#1: Give your cat opportunities to hide and perch
Cats are both a predator and a prey species, meaning they have distinctive traits for each side. Offer your cat opportunities to feel comfortable with both parts of their personality by giving them places to hide and to perch up high. A lookout tower that provides climbing surfaces and hiding spots is a great way to fulfill your cat’s needs. Their predatory nature can survey their territory for threats, or “prey,” from up high, while their prey nature can feel safe and secure in a small, dark enclosure.
#2: Determine your cat’s prey preference
Most cats prefer to hunt specific creatures, and by identifying their prey preference, you’ll be able to provide your pet with toys they’ll enjoy playing with. In general, cat toy categories include:
- Birds — Cat toys with feathers and those that chirp or flutter can entice your cat to play when they’re flown through the air.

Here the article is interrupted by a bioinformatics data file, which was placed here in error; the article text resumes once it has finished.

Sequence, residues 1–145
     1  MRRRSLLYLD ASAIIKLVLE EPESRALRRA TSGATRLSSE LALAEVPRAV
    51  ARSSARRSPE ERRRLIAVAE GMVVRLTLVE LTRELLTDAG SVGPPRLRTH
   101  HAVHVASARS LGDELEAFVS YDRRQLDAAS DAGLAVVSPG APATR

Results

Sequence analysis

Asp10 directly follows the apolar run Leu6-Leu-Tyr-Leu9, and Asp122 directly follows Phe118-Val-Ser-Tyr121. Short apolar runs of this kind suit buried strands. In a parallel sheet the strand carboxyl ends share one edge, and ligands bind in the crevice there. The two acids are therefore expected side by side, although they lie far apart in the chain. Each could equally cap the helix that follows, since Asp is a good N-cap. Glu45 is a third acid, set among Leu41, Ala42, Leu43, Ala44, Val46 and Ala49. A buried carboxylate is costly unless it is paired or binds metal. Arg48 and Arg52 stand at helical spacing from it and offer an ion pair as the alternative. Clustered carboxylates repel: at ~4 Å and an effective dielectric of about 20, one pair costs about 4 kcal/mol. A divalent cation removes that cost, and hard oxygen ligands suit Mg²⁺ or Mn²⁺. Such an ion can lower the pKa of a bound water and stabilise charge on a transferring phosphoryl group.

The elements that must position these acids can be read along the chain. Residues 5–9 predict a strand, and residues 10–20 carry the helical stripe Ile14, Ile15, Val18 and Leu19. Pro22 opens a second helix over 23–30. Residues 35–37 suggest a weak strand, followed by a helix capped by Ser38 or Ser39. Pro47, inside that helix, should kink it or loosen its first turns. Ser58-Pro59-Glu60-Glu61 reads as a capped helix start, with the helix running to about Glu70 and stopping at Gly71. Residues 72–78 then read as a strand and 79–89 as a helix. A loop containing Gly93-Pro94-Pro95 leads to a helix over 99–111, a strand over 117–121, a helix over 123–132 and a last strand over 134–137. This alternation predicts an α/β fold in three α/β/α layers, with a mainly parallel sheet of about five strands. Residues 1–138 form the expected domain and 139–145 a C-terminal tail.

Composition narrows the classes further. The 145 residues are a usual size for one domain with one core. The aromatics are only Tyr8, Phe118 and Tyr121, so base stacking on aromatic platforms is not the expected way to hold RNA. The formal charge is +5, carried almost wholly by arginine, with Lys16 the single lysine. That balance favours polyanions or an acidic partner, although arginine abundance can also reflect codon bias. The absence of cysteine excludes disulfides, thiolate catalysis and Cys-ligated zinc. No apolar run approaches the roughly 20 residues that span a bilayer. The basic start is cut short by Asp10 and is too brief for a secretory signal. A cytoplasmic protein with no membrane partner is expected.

- Mice — Plush toys, furry mice, and balls can mimic the movements of mice, encouraging your cat to stalk and pounce.
- Insects — A cat laser toy, a string with a knot at the end, or a robotic toy that skitters across the floor can resemble bugs, a common favorite prey of cats.
Play with each type of toy for a few minutes to see which your cat ignores and which they show interest in.
#3: Change up your cat’s feeding routine
Cats are designed to eat numerous small meals per day rather than one or two large meals. While some cats can control themselves when presented with a full food dish, many cannot, leading to various health issues. To avoid this, feed your cat several small meals each day, ideally in a food puzzle, as a way of mimicking how they would eat if they hunted for their food.